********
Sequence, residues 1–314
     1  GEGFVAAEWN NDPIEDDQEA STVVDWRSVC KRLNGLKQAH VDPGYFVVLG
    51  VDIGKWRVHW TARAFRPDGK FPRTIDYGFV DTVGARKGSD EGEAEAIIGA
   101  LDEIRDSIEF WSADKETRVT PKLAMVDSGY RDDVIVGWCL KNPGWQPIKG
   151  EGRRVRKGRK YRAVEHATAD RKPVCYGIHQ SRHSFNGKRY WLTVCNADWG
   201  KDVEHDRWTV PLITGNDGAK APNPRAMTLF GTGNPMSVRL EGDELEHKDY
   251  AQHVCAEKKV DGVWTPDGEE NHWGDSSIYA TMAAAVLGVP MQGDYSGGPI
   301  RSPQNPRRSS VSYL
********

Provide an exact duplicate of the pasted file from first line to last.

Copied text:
Sequence, residues 1–314
     1  GEGFVAAEWN NDPIEDDQEA STVVDWRSVC KRLNGLKQAH VDPGYFVVLG
    51  VDIGKWRVHW TARAFRPDGK FPRTIDYGFV DTVGARKGSD EGEAEAIIGA
   101  LDEIRDSIEF WSADKETRVT PKLAMVDSGY RDDVIVGWCL KNPGWQPIKG
   151  EGRRVRKGRK YRAVEHATAD RKPVCYGIHQ SRHSFNGKRY WLTVCNADWG
   201  KDVEHDRWTV PLITGNDGAK APNPRAMTLF GTGNPMSVRL EGDELEHKDY
   251  AQHVCAEKKV DGVWTPDGEE NHWGDSSIYA TMAAAVLGVP MQGDYSGGPI
   301  RSPQNPRRSS VSYL